Full Text Opinion

  • Probate (2)

    Full Text Opinion

    e-Journal #: 74336
    Case: In re Beaird Estate
    Court: Michigan Court of Appeals ( Unpublished Opinion )
    Judges: Per Curiam – Stephens, Sawyer, and Beckering
    Issues:

    Testamentary capacity; In re Mardigian Estate; MCL 700.2501(2); Burden of proof; 700.3407(1)(c); Whether decedent’s reference to his daughter by a prior married name in the will reflected a lack of capacity; Undue influence; In re Langlois’ Estate; In re Fay’s Estate

    Summary:

    The court affirmed the probate court order dismissing appellant’s petition to set aside the decedent’s 2018 will and admit his 2003 will and to set aside certain ladybird deeds, for failure to create a genuine issue of material fact. The question before the court was “not the likelihood of appellee prevailing on the substance of the dispute, but whether appellant has offered sufficient evidence to avoid summary disposition.” As to her “brief quotation from a medical record, that record was created 12 weeks before the decedent executed the will. And it merely references an assessment of the decedent while in the hospital.” Not only did the quoted passage “fail to establish whether the decedent had testamentary capacity at the time that he was in the hospital, it certainly does not establish whether, even if he lacked capacity at that time, he still lacked capacity 12 weeks later.” Appellant overlooked “an important principle, namely, that there is no rule that capacity once lost is lost forever. That is why the court must always look to the testator’s capacity at the time the will is executed, not whether there was a lack of capacity at some other time.” Moreover, she did “not point to any evidence to suggest that the hospital’s evaluation of decedent’s competency during his hospitalization is relevant to any of the statutory factors for determining capacity to execute a will. That is, without more, the mere conclusion in the hospital report that decedent was incompetent would provide limited assistance to determining whether decedent lacked capacity to execute a will while in the hospital at that time, much less 12 weeks later.” As for the information provided by appellant’s friend, Y, it was equally unhelpful. It merely provided Y’s “lay observation and opinion of decedent’s condition while in the hospital.” It was of no assistance in judging his capacity 12 weeks later. While the use of a prior married name that appellant had not used in 12 years “may reflect some confusion by decedent,” it nonetheless reflected that he knew “she was his daughter. That is, he knew that she was a natural object of his bounty and the will reflects his decision to disinherit her.”

    Full Text Opinion

    Full Text Opinion

    This summary also appears under Litigation

    e-Journal #: 74326
    Case: In re Conservatorship of Asplund
    Court: Michigan Court of Appeals ( Unpublished Opinion )
    Judges: Per Curiam – Sawyer, M.J. Kelly, and Swartzle
    Issues:

    Conservatorship dispute; Order authorizing the sale of the legally protected person’s home; Ability to appeal; Requirement that appellant be “aggrieved”; MCR 5.801(A); MCR 7.203(A)(2); Federated Ins Co v Oakland Cnty Rd Comm’n; Injury to a party or an interested person; In re Trankla Estate; Effect of an unsecured debt; Irwin v Meese; Effect of the possibility of inheriting an interest in the property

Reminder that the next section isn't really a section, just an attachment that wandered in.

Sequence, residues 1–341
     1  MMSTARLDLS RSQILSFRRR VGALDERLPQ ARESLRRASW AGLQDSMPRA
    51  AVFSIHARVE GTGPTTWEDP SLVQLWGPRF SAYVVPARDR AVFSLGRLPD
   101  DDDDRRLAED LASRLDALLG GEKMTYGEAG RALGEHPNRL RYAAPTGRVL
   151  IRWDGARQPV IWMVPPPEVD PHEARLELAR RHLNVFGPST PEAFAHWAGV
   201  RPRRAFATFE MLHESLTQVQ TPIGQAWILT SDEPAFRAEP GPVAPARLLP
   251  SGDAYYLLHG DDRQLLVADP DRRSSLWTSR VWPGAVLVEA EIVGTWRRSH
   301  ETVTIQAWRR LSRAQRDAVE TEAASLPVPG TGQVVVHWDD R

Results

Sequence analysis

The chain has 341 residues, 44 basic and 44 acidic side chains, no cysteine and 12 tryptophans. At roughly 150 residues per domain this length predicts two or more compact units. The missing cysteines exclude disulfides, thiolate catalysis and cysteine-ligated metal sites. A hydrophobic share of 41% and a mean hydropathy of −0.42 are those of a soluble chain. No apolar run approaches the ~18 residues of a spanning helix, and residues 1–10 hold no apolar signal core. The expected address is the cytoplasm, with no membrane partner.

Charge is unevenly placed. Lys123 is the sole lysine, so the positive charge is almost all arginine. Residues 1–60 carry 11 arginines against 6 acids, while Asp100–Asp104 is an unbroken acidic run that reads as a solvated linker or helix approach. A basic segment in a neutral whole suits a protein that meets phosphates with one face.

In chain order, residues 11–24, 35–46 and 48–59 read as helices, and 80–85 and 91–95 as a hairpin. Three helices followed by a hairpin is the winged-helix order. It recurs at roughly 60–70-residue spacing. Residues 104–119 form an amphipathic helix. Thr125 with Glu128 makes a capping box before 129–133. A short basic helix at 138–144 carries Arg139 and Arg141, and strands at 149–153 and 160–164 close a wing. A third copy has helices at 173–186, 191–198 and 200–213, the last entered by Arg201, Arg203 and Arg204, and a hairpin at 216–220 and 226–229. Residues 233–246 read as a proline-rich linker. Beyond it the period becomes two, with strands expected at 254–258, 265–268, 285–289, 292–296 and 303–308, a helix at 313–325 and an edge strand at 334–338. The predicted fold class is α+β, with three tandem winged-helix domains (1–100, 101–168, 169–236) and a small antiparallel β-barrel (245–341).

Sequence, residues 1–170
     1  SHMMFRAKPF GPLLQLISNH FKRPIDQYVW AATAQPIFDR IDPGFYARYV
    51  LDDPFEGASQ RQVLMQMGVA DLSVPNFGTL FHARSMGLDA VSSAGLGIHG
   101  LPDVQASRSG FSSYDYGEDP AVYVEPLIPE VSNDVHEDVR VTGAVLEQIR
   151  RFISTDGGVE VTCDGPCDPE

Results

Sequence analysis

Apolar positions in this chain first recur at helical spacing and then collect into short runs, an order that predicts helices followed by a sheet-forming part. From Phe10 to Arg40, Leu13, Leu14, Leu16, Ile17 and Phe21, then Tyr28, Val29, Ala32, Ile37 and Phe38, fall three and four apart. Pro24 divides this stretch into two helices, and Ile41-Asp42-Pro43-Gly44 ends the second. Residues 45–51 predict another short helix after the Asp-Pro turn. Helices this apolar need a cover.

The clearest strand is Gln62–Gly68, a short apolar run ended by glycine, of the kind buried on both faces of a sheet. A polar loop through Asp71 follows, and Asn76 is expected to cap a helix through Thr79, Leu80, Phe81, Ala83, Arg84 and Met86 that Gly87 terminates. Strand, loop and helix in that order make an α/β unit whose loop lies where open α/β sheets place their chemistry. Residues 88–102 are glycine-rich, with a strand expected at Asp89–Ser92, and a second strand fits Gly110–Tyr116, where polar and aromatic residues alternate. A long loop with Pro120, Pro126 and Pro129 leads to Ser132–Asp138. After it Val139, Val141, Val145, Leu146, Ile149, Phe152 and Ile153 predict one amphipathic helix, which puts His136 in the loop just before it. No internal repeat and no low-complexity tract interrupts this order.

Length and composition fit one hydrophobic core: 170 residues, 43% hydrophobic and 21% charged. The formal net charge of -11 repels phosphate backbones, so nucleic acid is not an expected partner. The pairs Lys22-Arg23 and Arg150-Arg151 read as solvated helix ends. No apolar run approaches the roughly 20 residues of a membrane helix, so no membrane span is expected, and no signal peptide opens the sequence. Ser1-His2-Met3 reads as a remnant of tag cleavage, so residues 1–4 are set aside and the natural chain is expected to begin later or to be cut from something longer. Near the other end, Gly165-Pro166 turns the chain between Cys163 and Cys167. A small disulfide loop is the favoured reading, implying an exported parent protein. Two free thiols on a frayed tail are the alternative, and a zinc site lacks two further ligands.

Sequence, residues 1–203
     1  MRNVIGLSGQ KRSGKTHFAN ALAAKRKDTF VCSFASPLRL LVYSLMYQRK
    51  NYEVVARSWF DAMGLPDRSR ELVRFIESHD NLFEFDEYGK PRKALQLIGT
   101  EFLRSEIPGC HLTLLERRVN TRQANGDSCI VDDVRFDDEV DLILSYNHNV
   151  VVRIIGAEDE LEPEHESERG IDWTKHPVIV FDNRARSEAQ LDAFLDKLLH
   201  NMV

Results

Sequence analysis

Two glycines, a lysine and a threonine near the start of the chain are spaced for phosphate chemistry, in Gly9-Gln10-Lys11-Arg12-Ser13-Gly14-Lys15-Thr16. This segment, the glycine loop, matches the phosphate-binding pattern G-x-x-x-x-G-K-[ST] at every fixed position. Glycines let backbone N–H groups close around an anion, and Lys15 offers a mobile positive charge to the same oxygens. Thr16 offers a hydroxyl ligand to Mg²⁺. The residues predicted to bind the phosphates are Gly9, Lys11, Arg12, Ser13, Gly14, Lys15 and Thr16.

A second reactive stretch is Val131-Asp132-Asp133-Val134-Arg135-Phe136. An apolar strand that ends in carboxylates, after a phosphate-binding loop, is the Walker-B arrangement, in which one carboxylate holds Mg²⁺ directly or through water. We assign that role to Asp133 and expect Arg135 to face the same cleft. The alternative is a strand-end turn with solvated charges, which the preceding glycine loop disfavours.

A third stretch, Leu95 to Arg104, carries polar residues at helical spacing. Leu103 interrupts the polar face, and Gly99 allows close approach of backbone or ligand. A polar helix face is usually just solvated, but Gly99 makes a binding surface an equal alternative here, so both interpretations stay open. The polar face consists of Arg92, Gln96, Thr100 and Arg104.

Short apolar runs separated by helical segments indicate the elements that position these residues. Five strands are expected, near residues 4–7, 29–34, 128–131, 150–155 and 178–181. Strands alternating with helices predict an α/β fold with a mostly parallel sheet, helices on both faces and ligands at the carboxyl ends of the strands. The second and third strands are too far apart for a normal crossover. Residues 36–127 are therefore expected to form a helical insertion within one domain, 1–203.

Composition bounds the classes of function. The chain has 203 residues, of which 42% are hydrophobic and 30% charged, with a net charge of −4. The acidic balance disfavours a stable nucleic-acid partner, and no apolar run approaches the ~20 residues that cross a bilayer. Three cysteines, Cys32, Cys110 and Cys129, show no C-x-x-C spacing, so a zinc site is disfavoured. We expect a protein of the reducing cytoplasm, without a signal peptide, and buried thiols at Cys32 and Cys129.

Summary:

    In this conservatorship dispute, the court held that respondent-Randall Apslund was not aggrieved by the probate court order to sell his mother’s (Roberta, a legally protected person) home and thus, it dismissed his appeal for lack of jurisdiction. It noted that after “the probate court appointed a conservator for Roberta, the conservator held title to all Roberta’s property—real and personal—as her trustee.” Petitioner, the successor conservator, sought authority from the probate court to sell the real property. “The probate court held a hearing and found that the price was appropriate under the circumstances and that the sale was in Roberta’s best interests.” Randall, an interested person under the applicable court rules, appealed the order as of right. The court noted that “there is an important limitation on an interested person’s ability to appeal: he or she must be ‘aggrieved’ by the order.” To be aggrieved, Randall had to show that he sustained some injury arising from the probate court’s action. He did not offer any “evidence that he had an ownership interest or other property rights in Roberta’s home;” he did not even assert any ownership interest in it. He did contend “that the estate owed him money, but an unsecured debt does not give Randall any rights in Roberta’s real property that would entitle him to stop its sale.” In addition, the fact that he might inherit an interest in her real property following her death did “not make him an aggrieved party because that interest is contingent on a future event.” The court noted that his “mere disappointment with the probate court’s decision to authorize the sale did not render him aggrieved by” that order. Under MCR 5.801(A) and 7.203(A), the court lacked jurisdiction to consider his appeal because he was not aggrieved by the challenged order. Dismissed with prejudice.